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  7. Guri,
    I have lump in my throat reading this. '“koi ghal nahi,” she said it so easily after losing her only memory of her mother. But again, it was only a material thing. I hope to get to be like her. Thanks for sharing.

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    1. Thank you Saroj Auntie. If I hadn't prodded her later, she would've never told me where it came from. She's a woman of few words...

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  8. Guri di :-) so beautifully written. When I was reading it I could actually visualise it and parallelly I was remembering my days with mum. We had our maximum conversation in the kitchen, sipping tea. Rotis and mothers I guess has a very strong association and I bet no one can replace those rotis. As you said, she without even saying a word, took another flat plate and started making as if nothing happened though her association with it could not be replaced . . I think only mothers can do that, especially of that generation. Love to u and aunty :-) Thank you for writing this up. I could recollect and see myself in your story. .

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    1. Aww Trupti such beautiful memories of your mom. Although I never had the chance to meet her, I can tell that you have a lot of her in you. :-)

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  9. arathi2/15/2016

    wowza guri!!! thank you for sharing such an intimate memory. what an inspiring story, and one that I hold dear to my heart as I slowly enter the stage of motherhood. I hope to grow to be as graceful as her one day.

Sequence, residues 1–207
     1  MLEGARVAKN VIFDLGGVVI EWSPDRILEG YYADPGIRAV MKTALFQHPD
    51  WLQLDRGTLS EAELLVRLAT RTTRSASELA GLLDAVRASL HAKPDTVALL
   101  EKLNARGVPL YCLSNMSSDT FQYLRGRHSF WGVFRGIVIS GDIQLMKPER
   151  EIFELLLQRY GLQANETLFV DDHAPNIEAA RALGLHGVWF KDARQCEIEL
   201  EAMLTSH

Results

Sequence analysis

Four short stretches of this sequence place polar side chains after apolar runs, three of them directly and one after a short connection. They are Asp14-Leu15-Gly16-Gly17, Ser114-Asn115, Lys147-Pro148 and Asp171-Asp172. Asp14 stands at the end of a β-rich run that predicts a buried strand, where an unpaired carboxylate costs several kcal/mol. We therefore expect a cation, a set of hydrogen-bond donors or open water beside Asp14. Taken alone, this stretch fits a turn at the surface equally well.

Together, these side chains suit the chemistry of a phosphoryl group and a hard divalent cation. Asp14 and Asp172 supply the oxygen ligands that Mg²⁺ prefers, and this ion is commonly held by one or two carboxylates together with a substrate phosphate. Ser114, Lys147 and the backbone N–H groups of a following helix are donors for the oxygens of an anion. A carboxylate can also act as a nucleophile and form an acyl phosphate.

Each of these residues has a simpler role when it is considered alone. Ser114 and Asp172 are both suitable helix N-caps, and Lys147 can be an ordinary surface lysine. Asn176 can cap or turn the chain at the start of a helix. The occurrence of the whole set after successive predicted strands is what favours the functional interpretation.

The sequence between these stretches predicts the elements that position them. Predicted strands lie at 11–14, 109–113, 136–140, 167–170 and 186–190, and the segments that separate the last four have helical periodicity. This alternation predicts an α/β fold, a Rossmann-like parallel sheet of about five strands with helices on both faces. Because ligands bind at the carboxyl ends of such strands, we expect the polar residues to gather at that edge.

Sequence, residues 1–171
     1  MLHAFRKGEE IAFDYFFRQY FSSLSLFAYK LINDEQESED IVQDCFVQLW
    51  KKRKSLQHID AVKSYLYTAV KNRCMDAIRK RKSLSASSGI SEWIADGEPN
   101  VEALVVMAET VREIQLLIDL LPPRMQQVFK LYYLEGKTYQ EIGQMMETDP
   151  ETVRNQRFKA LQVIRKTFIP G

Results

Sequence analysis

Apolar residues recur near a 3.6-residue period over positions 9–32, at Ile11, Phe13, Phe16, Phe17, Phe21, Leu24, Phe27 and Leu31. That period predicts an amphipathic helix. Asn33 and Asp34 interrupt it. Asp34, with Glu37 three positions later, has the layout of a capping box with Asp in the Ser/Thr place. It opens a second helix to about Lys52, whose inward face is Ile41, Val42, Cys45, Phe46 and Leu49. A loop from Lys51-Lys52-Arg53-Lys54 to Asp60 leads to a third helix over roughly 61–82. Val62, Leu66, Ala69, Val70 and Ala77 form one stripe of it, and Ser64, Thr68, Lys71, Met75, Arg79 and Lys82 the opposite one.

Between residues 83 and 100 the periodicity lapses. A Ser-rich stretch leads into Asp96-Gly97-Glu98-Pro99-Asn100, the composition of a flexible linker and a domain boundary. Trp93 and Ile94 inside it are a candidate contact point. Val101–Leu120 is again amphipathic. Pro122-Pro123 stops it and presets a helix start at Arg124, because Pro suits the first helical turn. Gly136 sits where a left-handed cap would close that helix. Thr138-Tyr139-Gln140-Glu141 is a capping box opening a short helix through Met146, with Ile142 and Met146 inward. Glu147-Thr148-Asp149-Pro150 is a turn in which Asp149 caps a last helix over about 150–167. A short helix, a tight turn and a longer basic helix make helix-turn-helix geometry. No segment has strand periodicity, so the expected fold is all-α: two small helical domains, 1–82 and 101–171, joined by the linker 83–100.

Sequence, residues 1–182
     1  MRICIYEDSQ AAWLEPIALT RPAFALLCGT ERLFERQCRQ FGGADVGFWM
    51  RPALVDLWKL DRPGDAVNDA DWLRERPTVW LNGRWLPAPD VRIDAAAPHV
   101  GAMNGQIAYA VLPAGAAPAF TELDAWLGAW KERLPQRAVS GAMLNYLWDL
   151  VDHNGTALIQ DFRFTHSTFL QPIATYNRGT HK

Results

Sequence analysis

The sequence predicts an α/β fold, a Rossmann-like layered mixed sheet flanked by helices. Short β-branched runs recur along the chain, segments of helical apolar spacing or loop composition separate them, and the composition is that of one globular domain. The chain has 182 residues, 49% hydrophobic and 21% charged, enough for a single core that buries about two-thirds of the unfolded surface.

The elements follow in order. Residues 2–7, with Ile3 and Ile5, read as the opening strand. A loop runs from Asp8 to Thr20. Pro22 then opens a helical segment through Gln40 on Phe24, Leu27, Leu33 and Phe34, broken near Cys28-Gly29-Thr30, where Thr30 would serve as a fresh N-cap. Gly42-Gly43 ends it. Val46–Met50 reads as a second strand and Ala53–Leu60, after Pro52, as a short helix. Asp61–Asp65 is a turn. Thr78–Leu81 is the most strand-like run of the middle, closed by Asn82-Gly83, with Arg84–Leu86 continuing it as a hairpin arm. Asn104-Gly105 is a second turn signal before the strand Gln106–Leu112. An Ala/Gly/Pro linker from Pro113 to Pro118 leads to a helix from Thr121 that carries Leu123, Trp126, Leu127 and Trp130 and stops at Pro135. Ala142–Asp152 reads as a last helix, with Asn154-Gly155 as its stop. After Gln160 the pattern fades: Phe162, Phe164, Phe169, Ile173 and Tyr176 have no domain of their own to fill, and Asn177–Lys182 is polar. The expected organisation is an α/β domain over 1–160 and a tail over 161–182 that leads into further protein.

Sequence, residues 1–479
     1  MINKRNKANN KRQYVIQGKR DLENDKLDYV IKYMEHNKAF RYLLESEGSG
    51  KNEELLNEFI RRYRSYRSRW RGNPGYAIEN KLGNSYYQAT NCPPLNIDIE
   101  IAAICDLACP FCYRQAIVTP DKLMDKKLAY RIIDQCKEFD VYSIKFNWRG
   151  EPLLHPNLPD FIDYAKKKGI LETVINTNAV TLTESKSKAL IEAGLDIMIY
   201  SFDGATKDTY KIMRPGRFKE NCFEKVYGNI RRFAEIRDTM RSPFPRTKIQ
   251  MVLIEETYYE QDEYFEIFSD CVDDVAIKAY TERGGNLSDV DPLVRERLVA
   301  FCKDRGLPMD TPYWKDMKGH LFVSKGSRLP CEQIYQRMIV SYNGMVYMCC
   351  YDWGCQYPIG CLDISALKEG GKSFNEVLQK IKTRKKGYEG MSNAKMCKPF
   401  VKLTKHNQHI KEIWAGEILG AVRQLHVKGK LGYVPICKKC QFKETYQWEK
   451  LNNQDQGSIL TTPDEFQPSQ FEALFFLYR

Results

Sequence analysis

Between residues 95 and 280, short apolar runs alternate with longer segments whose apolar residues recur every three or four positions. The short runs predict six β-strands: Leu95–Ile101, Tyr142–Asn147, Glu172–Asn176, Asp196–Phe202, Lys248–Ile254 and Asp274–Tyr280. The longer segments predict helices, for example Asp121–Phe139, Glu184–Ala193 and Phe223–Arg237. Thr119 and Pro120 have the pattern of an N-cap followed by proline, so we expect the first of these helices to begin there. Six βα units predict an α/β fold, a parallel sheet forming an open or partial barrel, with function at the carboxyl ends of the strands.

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    1. You're going to be a great mom Miss Arathi! :-)

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  10. This is a very close memory touching my heart. Mothers as they are... love and thanks. Very well said and very well written.

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  11. It takes so much grace to put the drama behind and look forward. I could almost live those moments. Thanks for the great share.

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  12. Guri, this is very moving and very well written. It conveys something loving and wrenching and true about innocence and experience, about youth and age, about the wish to help and the way we rush. And it conveys the way it sometimes takes such an accident to reveal the unexpected depths in what might otherwise be simply lovely things. Thank you.

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  13. Brought back memories of my mother feeding me hot rotis straight off the pan. Thank you for sharing this beautiful lesson from your mother.

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  14. What a beautiful story you have shared. The quiet dignity and grace that your mother showed is a grand teaching that will now serve so many people, thanks to your beautiful share.

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  15. Dear Guri Didi, thank you for allowing us to relive our own memories of our mothers and for some of us, re live the moments of our own motherhood. And thank you for the visual journey into that moment through your words. I felt like I was with you at every moment of joy and learning! So much love to you and Aunty who silently and so beautifully raised a family :) <3